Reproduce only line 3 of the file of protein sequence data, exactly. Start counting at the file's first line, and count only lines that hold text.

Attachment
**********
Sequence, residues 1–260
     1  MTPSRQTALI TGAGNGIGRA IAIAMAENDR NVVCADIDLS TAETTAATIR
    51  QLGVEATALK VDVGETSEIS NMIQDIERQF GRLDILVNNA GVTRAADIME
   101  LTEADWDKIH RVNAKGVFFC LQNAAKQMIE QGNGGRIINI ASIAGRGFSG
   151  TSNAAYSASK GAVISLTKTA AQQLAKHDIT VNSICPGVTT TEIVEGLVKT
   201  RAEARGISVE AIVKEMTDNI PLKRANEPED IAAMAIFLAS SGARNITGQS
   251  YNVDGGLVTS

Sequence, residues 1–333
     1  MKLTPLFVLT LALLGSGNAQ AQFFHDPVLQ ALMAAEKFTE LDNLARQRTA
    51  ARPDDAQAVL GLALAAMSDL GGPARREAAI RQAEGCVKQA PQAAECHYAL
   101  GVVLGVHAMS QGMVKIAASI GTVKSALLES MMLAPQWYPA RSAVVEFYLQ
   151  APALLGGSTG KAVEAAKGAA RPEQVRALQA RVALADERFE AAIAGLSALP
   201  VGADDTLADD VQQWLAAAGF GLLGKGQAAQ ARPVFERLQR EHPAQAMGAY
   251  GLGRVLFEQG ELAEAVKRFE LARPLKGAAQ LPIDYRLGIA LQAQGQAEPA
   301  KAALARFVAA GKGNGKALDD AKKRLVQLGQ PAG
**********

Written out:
    51  QLGVEATALK VDVGETSEIS NMIQDIERQF GRLDILVNNA GVTRAADIME